How Endurist Cyclist Rochelle Davidson is Committed to Help End Cancer, One Ride at a Time

Endurist Cyclist Rochelle Davidson is Committed to Help End Cancer, One Ride at a Time

Rochelle Davidson is a wife, a mom to two rescue dogs, an obsessed cyclist with five bikes, a not-so-bendy yogi … and a cancer survivor.

Diagnosed in 2005, the news rocked Rochelle’s world. As a triathlete, runner and cyclist who ate well and had a healthy lifestyle, hearing the words “You have breast cancer,” was something she had never in a million years expected.

“There’s no history of cancer in my family on either side, my twin sister has never had it – it seemed like a complete anomaly,” says Rochelle. “What I’ve learned is it’s not an anomaly at all. It impacts so many lives, and it’s something we really need to find a solution for.”

After three years of intense treatment, Rochelle was finally deemed cancer free. However, on her last day of radiation at the BC Cancer Agency, she discovered that she’d never actually be “free” of the disease.

“When they said, ‘That’s it, you don’t have to come back anymore,’ my knee-jerk reaction was, ‘But I want to come back! I don’t know what to do – what’s next?’”

The realization launched her on a journey to discover who she wanted to be and how she wanted to give back. When her manager at the time told her about Ride2Survive – the largest independent fundraising event in Canada benefiting the Canadian Cancer Society – she was intrigued.

“He said, ‘Hey, Rochelle, knowing how much you love riding bikes this is something you probably want to get into,’” she recalls. “So I looked into it and found out it was this 400-kilometre, one-day ride that raised money for cancer – it was a no-brainer.”

The year was 2008, and Rochelle, along with her twin sister Nicole and friend Liz, set a precedent as the first women to complete the full ride – and she hasn’t missed a year since (and has raised approximately $60,000 toward cancer research and programs, to boot).

“Besides the community, the camaraderie and all the personal stories we share, the greatest thing is that we actually see a difference,” she says of Ride2Survive. “I was in a local bike shop looking to make some changes to my bike and I happened to be wearing my Ride2Survive jacket. The guy at the till said, ‘I just wanted to say thank you.’ When I asked for what, he said, ‘In addition to working here, I’m a PhD student working at the BC Cancer Research and the money you raised helped fund a project I’m working on to support breast cancer.’ That was incredible for me to hear.”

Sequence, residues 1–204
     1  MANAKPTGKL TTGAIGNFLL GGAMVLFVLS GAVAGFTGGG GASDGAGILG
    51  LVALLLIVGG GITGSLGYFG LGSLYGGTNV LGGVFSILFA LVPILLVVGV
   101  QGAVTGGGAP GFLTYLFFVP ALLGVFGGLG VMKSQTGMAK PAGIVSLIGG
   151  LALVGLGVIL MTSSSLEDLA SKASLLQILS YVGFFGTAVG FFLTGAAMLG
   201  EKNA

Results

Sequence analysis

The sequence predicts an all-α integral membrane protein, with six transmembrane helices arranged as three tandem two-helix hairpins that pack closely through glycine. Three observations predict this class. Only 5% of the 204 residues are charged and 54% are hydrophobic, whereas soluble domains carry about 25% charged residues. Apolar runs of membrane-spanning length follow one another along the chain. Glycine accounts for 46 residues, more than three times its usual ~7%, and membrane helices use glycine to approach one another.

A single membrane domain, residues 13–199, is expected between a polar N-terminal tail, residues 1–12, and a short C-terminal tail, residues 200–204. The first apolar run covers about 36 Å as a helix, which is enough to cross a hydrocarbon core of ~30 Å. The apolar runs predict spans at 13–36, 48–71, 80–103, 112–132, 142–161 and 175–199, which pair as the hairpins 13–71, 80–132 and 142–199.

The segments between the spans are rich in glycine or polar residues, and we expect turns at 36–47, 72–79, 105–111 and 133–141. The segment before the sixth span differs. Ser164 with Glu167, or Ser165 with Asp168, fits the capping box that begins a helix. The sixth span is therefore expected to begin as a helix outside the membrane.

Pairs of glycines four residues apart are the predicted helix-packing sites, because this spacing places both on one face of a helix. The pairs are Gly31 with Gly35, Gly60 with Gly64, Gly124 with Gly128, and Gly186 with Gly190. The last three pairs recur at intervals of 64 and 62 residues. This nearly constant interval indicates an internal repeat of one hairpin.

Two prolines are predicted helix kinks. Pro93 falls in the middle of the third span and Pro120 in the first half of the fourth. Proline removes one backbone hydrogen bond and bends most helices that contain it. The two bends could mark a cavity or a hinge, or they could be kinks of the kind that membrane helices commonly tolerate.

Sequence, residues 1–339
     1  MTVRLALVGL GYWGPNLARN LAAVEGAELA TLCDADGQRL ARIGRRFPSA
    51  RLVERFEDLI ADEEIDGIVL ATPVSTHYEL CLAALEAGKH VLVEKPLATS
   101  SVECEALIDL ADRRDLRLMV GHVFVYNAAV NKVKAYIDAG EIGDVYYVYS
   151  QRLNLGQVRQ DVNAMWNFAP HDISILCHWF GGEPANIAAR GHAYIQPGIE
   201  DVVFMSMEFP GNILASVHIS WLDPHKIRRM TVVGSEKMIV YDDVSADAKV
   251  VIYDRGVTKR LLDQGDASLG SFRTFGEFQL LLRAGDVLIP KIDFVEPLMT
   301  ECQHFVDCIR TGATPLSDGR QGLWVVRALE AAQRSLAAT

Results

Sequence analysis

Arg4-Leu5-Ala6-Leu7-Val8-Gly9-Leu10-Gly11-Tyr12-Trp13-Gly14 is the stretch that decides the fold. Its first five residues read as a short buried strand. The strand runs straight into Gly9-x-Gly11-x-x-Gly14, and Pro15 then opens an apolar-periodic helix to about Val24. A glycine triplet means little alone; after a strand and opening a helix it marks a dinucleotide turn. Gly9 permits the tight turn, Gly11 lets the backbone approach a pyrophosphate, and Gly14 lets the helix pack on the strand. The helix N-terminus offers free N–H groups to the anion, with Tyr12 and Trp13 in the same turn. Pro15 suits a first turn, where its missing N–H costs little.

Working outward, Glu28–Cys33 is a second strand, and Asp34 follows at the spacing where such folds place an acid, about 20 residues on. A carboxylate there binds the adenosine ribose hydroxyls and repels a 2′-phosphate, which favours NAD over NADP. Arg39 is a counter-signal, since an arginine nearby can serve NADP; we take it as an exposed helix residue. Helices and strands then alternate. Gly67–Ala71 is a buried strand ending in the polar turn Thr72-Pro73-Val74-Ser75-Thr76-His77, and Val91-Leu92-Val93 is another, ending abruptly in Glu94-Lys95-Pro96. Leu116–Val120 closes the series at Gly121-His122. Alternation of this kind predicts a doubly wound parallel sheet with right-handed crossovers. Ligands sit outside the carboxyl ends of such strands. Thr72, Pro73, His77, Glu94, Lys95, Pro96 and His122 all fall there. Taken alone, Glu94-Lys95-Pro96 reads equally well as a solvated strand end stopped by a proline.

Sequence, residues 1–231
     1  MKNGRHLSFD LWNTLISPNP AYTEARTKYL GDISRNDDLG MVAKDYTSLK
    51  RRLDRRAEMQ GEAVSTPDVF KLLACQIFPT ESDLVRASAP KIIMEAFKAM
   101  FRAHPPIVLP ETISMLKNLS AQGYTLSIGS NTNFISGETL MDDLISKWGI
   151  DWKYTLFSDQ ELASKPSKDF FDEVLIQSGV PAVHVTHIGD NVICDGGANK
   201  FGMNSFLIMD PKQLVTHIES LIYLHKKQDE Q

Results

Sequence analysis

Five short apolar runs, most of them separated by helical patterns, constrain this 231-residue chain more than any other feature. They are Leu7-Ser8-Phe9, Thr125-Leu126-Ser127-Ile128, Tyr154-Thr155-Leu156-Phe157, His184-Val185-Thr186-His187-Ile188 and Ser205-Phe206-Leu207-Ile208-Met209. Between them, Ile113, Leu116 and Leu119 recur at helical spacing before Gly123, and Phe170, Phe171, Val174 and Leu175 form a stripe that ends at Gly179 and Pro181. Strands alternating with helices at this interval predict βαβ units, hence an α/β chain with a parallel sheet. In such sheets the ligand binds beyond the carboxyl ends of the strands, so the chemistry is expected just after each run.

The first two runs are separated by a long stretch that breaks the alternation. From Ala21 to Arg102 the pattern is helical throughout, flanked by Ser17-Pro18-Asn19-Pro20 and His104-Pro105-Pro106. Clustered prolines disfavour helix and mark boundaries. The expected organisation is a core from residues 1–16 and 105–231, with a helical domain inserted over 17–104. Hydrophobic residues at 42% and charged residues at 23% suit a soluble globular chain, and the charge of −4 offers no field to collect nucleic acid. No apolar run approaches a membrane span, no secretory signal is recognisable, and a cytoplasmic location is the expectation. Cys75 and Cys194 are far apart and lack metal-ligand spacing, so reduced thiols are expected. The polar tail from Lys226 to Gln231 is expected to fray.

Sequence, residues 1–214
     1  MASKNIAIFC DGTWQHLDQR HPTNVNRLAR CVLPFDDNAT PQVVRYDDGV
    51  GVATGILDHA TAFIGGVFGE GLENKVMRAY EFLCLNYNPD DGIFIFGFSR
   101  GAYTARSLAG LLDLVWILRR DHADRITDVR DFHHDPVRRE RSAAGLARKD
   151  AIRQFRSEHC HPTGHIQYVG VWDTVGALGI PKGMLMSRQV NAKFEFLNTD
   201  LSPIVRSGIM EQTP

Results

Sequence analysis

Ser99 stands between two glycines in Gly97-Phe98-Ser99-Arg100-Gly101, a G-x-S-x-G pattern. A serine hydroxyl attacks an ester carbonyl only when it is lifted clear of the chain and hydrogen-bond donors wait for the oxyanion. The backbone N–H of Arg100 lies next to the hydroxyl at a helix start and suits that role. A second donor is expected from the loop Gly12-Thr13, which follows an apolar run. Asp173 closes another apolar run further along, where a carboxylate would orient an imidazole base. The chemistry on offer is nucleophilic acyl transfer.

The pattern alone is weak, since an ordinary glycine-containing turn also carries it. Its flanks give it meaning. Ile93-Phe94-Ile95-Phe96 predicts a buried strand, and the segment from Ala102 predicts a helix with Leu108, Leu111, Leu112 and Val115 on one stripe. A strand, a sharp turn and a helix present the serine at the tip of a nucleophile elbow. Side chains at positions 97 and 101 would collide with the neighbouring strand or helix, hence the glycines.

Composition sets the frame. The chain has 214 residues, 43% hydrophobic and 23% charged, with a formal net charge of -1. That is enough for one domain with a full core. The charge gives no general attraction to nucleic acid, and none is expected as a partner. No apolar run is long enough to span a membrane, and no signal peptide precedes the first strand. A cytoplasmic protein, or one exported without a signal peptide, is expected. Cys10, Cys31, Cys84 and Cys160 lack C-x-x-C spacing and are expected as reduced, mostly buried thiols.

She adds, “This year was my 10th year, my 10th ride. I’ve gone from being someone who got pushed up hills to being someone who pushes other people up hills. In fact, I’ve been at this longer than I’ve ever been at any one job! And, in total, I have ridden 4,000 kilometres, not including training, which is intense. But it doesn’t even compare with what I’ll be doing in September when I ride across Canada!”

On September 6, 2017, Rochelle and 37 other endurance cyclists (some of whom have lost children to cancer) will be embarking upon the Sears National Kids Cancer Ride: an 18-day coast-to-coast journey from Vancouver, British Columbia, to Halifax, Nova Scotia. On the way, they’ll be stopping to visit the 17 Canadian oncology centres that specialize in children’s cancer, including BC Children’s Hospital.

“The ultimate goal, the reason I ride, is to create a world where we – kids, adults, all of us – don’t have to deal with cancer anymore,” she says. “I absolutely believe that, in my lifetime, we are going to get to a place where no one else dies from this disease.”

“Rochelle and I ride together on the WOWride cycling team, and I think it’s safe to say she’s a one-in-a-million person,” says Angie Buonassisi, founder of JoyViva. “I’m honoured to know her, to ride with her and to be her friend.”

Help Rochelle reach her goal of raising $25,000 to fund important childhood cancer charities across Canada by donating here!

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